Betrayed in our own land

 

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Category: International Date: 11 Sep 05

 

“I’ve seen the desperation in the eyes of people just before their own death, or death of a loved one. I’ve seen things I never thought I’d see in the US.”

(NBC reporter Brian Williams, covering the aftermath of Hurricane Katrina)

 

“Our country is in such a desperate state. On the government side we are faced with cynical and reckless expenditure, with one eye on the next general election... on self-preservation at any cost.

 

“On the opposition side, we have confusion and selfishness, with much more ambition than ideas.”

(Dr Kirk Meighoo, political analyst, member of the Committee for Transformation and Change in Trinidad)

 

Desperation here and there. There across four American states, the size of England, the desperation is of biblical proportions.

 

Ten thousand people feared dead. The ones that died, orphaned, lost children, lost everything, were mostly the poor, disabled, illiterate, elderly, the isolated, and mostly black.

 

Broadcasters red with shame incredulously wondered how scenes associated with the Third World, of nameless corpses gnawed on by rats, of a city submerged in diseased flood waters with garbage, oil and putrefying bodies floating in the stagnant pools, of stranded starving people deprived of clean water, food or medical care, could happen in America.

 

The mainstream mainly white media reported on the stranded, hundreds of orphans, on the million displaced people on 160,000 flooded homes. They then removed themselves, began calling their own people “refugees.”

 

The world caught on then, as did America. Reuters reported that “the gaping racial divide” in the United States was laid bare by Hurricane Katrina.

 

In New Orleans, a city that was more than two-thirds black, more than 30 per cent of the population lived below the poverty level.

 

The tragedy, said Illinois Senator Barack Obama, showed “how little inner-city African Americans have to fall back on. They could not load up their families in a van, fill it up with $100 of gasoline, throw some bottled water in the back and check into a hotel with a credit card.”

 

The epic disaster put a giant microscope on America’s legacy of slavery, of decades of discrimination “reflected,” as Reuters put it, “in a thousand different ways.”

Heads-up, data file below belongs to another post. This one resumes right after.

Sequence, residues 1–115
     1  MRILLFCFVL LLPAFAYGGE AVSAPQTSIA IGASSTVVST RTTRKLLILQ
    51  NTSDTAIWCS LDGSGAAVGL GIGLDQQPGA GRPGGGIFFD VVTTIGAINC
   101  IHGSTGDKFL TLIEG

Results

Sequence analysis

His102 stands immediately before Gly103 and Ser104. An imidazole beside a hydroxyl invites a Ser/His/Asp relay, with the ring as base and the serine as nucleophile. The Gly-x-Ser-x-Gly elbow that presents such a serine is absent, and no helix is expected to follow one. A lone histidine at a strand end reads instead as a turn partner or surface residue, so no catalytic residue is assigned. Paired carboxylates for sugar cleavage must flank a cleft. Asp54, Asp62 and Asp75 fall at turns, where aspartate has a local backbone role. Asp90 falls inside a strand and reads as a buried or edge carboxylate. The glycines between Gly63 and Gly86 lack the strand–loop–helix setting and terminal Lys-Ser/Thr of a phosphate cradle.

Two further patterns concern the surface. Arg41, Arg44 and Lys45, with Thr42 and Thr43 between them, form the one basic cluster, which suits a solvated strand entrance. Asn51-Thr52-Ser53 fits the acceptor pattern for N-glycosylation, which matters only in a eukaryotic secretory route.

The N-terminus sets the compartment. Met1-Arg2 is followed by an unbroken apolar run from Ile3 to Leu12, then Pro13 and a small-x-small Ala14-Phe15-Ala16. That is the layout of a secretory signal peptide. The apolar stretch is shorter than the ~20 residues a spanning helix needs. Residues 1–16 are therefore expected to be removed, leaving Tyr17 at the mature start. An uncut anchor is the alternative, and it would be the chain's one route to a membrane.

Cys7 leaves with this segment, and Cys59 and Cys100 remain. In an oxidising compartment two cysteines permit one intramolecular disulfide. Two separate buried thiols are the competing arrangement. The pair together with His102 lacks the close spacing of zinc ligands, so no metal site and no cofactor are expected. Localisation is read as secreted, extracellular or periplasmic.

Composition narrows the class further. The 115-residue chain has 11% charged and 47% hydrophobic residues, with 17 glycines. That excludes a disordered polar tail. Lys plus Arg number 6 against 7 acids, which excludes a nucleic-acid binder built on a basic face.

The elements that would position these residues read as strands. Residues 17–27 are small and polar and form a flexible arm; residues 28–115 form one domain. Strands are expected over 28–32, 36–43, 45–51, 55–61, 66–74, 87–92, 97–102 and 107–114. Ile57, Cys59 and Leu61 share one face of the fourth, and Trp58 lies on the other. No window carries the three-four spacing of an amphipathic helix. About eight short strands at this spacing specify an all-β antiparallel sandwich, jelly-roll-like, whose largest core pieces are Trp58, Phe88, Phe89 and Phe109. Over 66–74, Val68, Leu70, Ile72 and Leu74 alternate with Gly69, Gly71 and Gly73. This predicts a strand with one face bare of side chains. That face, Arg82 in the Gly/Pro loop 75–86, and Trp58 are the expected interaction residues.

“Black life expectancy at birth is shorter than whites’. Infant mortality for blacks is more than double the white rate. One in four black men is permanently unemployed, a rate double that of white men.

 

“One in three black men spends time in a jail.”

 

The list is endless.

 

So they died. Or lost everything. Without dignity. The Statue of Liberty ought to hang its head. America failed its poor, wretched refuse, brought there against their will.

 

We are not surprised. It’s the American legacy.

 

Cut to Trinidad. See the blood-strewn corpses. We are second after Jamaica in a non-warring country for murder rates. See the kidnap victims. See the fearful population.

 

See the 450,000 people living below the poverty line: in Curepe, in Laventille, in the Beetham, in Couva with no home, no car, no savings, no education.

 

See them brainwashed into dependency, bribed with easy cash into voting for a government that prefers to import skilled labour, carpenters, electricians, rather than train their own people who sit about in the midday sun waiting for their ten-day dollars.

 

See them forgotten on sugar estates.

 

See our functionally illiterate, all 600,000 of them, who can barely read newspaper headlines. See what they’ve become: full-time criminals.

 

Shooting dead innocent children in panyards; shooting one another dead; fighting over drugs.

 

Our sick are left to languish. Our school children can’t read or write. Our professionals are dwindling.

 

See us, despite our oil, freefalling on the UN developmental index based on health and education; 20 countries below Barbados that has neither oil nor gas, but has university graduates and solid health care.

 

We, too, have a legacy of 43 years of independence, self-rule. We expected betrayal of that proportion in Bush’s land, not by our own hand, by our own people.

 

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All Articles Copyright Ira Mathur